She recoiled slightly, her expression closing as abruptly as a shutter. Miles stared off through the pillars, politely pretending not to have heard or noticed this interplay. He was hardly an expert on marital miscommunication, but even he could see how that one had gone awry. Her perhaps unfortunately-chosen expression of love and interest had been received by the obviously tense and tired Vorsoisson as a slur on his competence. Madame Vorsoisson deserved a better hearing, but Miles had no advice to offer. He had never even come near to capturing a wife to miscommunicate with. Not for lack of trying…
   “Well, well,” said Uncle Vorthys, also heartily pretending not to have noticed the byplay. “Everyone will feel better with a little supper aboard, eh, Ekaterin? Let me treat you all to dinner. Do you have another favorite place as splendid as the one where we ate lunch?”
   The moment of tension was extinguished in another Betan debate over the dinner destination; this time, Nikki was successfully overruled by the adults. Miles wasn’t hungry, and the temptation to relieve Vorthys of the day’s collection of data disks and escape back to some comconsole was strong, but perhaps with another drink or three he could endure one more family dinner with the Vorsoisson clan. The last, Miles promised himself.
   A trifle drunker than he had intended to be, Miles undressed for another night in the rented grav-bed. He piled the new stack of data disks on the comconsole to wait for morning, coffee, and better mental coherence. The last thing he did was rummage in his case and fish out his controlled-seizure stimulator. He sat cross-legged on the bed and regarded it glumly.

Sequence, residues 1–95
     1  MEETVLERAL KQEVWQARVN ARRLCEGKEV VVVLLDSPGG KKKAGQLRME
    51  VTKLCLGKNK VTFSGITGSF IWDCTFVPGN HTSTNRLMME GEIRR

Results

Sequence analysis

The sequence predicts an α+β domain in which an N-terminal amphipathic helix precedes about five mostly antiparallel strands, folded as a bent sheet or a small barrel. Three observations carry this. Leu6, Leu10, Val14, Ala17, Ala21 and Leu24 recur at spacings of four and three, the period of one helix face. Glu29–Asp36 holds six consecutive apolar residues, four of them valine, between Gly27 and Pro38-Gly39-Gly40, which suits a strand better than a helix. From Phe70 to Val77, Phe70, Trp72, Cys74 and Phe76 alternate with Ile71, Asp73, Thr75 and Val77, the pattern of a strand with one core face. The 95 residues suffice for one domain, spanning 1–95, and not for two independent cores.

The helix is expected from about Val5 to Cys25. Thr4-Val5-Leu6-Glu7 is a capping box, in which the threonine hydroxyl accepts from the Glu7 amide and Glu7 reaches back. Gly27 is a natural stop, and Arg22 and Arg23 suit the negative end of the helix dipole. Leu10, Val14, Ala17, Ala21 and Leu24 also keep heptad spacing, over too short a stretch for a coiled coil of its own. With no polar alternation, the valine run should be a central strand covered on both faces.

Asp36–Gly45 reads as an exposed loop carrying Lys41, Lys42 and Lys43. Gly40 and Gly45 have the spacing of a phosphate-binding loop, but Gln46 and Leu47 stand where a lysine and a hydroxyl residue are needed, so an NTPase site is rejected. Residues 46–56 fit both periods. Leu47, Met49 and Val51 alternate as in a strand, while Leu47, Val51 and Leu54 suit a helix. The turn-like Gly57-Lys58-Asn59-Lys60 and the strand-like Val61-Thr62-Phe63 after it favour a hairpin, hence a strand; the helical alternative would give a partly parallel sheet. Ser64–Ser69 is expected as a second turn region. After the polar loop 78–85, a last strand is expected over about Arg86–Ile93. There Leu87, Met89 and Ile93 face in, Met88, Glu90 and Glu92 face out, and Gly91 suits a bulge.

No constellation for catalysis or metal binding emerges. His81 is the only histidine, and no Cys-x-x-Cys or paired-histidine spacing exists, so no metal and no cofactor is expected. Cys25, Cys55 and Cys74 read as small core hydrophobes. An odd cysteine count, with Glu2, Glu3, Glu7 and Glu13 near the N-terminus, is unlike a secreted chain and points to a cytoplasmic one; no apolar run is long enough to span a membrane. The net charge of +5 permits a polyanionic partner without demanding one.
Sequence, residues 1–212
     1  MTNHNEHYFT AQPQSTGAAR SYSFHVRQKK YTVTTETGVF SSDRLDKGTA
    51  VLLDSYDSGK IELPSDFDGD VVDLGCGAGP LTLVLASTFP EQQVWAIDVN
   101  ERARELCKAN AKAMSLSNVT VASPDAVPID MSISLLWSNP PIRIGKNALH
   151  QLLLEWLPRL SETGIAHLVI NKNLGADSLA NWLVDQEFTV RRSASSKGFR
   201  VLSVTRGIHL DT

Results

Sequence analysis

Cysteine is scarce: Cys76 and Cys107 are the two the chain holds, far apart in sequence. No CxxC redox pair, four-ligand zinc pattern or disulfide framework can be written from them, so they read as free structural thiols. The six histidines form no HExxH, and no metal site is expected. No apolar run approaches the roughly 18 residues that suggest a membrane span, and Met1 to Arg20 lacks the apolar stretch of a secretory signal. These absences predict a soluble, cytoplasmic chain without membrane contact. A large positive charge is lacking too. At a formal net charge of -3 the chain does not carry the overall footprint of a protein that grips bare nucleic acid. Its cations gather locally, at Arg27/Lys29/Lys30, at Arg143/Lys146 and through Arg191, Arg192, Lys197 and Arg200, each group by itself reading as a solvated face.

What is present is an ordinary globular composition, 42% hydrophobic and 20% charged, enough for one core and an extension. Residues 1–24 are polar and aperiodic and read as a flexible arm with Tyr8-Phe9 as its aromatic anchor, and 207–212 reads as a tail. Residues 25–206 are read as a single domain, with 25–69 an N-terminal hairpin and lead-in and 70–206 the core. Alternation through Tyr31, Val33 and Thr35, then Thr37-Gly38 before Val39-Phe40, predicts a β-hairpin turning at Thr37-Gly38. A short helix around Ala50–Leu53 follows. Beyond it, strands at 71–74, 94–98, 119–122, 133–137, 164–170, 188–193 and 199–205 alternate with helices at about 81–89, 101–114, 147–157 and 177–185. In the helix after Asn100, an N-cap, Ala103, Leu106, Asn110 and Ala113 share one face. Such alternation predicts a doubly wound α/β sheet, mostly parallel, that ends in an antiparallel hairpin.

The Barrayaran doctors had found no cure for the post-cryonic seizure disorder that had finally ended his military career. The best they had been able to offer was this: a triggering device to bleed off his convulsions in smaller increments, in controlled private times and places, instead of grandly, randomly, and spectacularly in moments of public stress. Checking his neurotransmitter levels was now a nightly hygienic routine, just like brushing his teeth, the doctors had suggested. He felt his right temple for the implant and positioned the read-contact. His only sensation was a faint spot of warmth.
   The levels were not yet in the danger zone. A few more days before he had to put in the mouth-guard and do it again. Having left his Armsman, Pym, who usually played valet and general servant, back on Barrayar, he would have to find another spotter. The doctors had insisted he have a spotter, when he did this ugly little thing. He would much prefer to be helpless and out-of-consciousness-and twitching like a fish, he supposed, though of course he was the one person who never got to watch-in complete privacy. Maybe he would ask the Professor.
   If you had a wife, she could be your spotter.
   Gee, what a treat for her.
   He grimaced, and put the device carefully away in its case, and crawled into bed. Perhaps in his dreams the space wreckage would reassemble itself, just like in a vid reconstruction, and reveal the secrets of its fate. Better to have visions of the wreckage than the bodies.


   Ekaterin studied Tien warily as they undressed for bed. The frowning tension in his face and body made her think she had better offer sex very soon. Strain in him frightened her, as always. It was past time to defuse him. The longer she waited, the harder it would be to approach him, and the tenser he would become, ending in some angry explosion of muffled, cutting words.